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Why does the following not compile?

interface IFoo
{
void Foo();
}

class FooClass : IFoo
{
void IFoo.Foo() { return; }

void Another() {
   Foo();  // ERROR
 }
}

The compiler complains that "The name 'FooMethod' does not exist in the current context".

However, if the Foo method is changed to:

 public void Foo() { return; }

this compiles just fine.

I don't understand why one works and the other does not.

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4 Answers

up vote 9 down vote accepted

Because when you "explicitly implement" an interface, you can only access the method by casting to the interface type. Implicit casting will not find the method.

void Another()
{
   IFoo f = (IFoo)this:
   f.Foo();
}

Further reading:

http://stackoverflow.com/questions/143405/c-interfaces-implicit-and-explicit-implementation

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Try this:

void Another() {
  ((IFoo)this).Foo();
}

Since you're declaring the Foo method as an explicit interface implementation, you can't reference it on an instance of FooClass. You can only reference it by casting the instance of FooClass to IFoo.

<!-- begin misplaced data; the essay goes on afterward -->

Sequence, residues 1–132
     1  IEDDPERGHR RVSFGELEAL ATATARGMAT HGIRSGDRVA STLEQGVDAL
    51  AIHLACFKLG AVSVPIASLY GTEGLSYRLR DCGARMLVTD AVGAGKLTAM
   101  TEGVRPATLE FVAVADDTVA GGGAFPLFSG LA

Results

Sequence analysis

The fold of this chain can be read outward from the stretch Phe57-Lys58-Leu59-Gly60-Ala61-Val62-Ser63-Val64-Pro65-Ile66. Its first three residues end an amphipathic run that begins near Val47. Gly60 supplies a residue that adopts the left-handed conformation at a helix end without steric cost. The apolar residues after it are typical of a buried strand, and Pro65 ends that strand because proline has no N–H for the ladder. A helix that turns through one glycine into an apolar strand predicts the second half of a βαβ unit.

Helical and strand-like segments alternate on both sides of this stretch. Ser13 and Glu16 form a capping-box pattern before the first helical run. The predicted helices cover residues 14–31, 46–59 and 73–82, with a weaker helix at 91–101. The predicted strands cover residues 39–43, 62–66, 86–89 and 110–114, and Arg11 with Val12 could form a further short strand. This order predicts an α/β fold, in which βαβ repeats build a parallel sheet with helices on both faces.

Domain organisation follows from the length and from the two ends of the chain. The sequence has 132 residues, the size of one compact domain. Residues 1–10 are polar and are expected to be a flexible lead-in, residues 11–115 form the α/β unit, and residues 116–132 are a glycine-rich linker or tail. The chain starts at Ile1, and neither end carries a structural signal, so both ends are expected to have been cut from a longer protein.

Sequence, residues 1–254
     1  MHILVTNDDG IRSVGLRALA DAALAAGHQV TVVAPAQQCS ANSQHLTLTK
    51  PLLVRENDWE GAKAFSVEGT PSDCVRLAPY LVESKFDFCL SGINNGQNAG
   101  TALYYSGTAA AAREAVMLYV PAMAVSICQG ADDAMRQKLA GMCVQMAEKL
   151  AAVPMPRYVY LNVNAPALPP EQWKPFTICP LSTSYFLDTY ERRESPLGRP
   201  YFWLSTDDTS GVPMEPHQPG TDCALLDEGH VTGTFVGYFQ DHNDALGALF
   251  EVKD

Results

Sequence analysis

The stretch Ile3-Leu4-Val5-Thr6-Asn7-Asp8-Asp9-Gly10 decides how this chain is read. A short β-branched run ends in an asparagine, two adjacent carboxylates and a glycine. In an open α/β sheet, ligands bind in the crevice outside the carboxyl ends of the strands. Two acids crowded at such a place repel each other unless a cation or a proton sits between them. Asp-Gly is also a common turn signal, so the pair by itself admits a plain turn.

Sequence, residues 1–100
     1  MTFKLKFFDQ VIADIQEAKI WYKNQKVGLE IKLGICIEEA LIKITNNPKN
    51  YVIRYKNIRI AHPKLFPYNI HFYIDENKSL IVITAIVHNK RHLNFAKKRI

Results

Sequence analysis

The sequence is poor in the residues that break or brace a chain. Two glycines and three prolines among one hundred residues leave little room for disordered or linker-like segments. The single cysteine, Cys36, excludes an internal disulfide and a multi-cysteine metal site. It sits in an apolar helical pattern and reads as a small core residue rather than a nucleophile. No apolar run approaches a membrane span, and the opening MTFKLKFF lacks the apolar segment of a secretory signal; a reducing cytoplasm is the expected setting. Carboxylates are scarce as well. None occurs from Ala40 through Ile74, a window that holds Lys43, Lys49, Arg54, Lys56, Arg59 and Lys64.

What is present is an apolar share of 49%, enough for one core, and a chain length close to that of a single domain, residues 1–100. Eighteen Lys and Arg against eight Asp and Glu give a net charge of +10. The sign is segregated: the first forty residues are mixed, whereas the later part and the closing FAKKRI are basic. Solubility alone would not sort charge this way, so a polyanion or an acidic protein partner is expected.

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There is actually a really good reason for this behavior. Consider the following code.

public interface IA
{
  IA DoSomething();
}

public interface IB
{
  IB DoSomething();
}

public class Test : IA, IB
{
  public IA DoSomething() { return this; }

  IA IA.DoSomething() { return this; }

  IB IB.DoSomething() { return this; }
}

In this scenario the Test class must implement at least one of the DoSomething methods explicitly because it is not legal to declare two different methods with the same signature. If you were to examine the IL you would see that explicitly implementing an interface decorates the member name automatically so that no two members with the same name exist in the same class. And to be able to call each of the 3 different DoSomething variations above you have to invoke the member from a reference of the correct type. That is how the compiler knows to bind to the correct member.

public static void Main()
{
  var test = new Test();
  test.DoSomething(); // Compiler binds to the implicit implementation.
  var a = (IA)test;
  a.DoSomething(); // Compiler binds to the IA implementation.
  var b = (IB)test;
  b.DoSomething(); // Compiler binds to the IB implementation.
}
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What you have in your code is called explicit interface implementation. If you choose to support an interface like this, these interface methods of your class are not public and can only be called via appropriate interface type references (IFoo in your example).

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